HTC on this point, then an exclusion order is likely to harm the public interest and should not issue absent

exceptional circumstances.
[T]he Commission must balance the damage to the patent holders rights against the adverse
impact of the remedy on the public health and welfare and the assurance of competitive conditions in the

I Sprint Spectrum L.P. is owned by Sprint Nextel Corporation. Sprint Spectrum, L.P. is the primary Sprint-related entity that sells various smartphone devices and corresponding services to end users in the United States, including smartphones manufactured by HTC and other smartphone manufacturers.
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United States economy.2 As this standard implicitly recognizes, granting a patentee a remedy beyond
the contribution of his or her patent harms competitive conditions.3

Federal courts are increasingly recognizing this principle and denying injunctive relief in
industries like the smartphone industrywhich sells complex devices encompassing thousands of
patented features. Justice Kennedy, joined by three other Justices, observed in eBay that injunctions for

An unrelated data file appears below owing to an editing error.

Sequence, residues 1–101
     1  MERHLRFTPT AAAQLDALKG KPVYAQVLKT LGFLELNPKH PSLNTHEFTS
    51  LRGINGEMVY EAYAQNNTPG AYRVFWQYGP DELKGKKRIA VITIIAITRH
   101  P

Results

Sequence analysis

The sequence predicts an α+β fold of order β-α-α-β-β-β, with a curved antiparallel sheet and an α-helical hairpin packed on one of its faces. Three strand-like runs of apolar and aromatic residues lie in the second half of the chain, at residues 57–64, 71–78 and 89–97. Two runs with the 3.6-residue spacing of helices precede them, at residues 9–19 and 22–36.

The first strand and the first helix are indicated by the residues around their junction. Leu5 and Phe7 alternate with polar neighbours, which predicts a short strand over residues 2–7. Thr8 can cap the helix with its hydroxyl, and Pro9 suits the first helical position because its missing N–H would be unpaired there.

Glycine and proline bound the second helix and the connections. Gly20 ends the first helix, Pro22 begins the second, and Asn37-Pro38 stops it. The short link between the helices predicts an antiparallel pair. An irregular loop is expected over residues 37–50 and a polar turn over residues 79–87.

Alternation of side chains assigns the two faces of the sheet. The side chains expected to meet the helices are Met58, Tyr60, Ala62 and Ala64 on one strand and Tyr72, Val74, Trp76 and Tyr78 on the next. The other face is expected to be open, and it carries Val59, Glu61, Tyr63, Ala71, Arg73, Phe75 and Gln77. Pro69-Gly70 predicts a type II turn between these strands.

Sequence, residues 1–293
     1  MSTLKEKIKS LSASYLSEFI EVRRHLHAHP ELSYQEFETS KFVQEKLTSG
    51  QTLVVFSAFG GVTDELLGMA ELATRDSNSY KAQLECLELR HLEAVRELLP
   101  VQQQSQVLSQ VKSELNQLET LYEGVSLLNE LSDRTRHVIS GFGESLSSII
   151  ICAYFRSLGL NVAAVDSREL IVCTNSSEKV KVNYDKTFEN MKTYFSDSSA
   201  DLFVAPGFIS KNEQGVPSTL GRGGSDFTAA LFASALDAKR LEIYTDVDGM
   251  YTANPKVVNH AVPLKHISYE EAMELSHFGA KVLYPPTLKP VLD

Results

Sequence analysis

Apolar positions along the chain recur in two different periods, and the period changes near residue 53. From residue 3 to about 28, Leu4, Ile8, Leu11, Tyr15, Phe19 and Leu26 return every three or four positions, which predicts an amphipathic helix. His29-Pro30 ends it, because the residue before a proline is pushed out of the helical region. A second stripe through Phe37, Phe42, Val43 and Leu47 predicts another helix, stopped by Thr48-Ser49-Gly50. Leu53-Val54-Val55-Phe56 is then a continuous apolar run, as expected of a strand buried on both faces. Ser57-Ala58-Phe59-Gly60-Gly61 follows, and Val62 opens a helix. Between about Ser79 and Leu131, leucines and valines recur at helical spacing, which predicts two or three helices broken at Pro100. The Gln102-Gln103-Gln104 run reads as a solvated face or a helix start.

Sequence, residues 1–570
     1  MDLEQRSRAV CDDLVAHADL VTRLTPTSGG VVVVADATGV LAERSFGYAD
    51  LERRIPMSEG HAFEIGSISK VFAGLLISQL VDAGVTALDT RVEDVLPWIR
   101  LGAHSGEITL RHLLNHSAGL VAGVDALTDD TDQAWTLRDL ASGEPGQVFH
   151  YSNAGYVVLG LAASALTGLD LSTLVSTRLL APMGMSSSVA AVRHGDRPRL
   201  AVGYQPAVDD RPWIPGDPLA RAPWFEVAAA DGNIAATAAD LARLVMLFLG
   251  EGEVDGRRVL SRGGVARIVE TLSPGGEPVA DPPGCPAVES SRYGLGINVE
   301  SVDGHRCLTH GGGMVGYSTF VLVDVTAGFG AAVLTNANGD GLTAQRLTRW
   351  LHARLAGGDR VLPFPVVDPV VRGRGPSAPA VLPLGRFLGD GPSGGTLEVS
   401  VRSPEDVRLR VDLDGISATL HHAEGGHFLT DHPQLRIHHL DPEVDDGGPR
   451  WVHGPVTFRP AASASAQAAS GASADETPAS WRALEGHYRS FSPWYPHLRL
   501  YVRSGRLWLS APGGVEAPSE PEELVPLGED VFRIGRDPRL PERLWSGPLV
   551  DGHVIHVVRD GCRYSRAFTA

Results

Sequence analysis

patent infngement may not serve the public interest in cases where the patented invention is but a

small component of the product the companies seek to produce and the threat of an injunction is

employed simply for undue leverage in negotiations.

District courts have acted on this observations

And the Federal Circuit likewise recently used a smartphone case to tighten the standards for preliminary
injunction.6

These developments in federal jurisprudence bear directly on the Commissions analysis of what
remedy to impose in Section 337 Investigations. In fact, the President recently discussed the so-called

Smartphone Patent Wars and set a policy goal of harmonizing the Commissions standard for granting
exclusion orders With the federal judiciarys standard for granting injunctions.7 Indeed, when the

Commission recently issued an exclusion order in an investigation involving FRAND-encumbered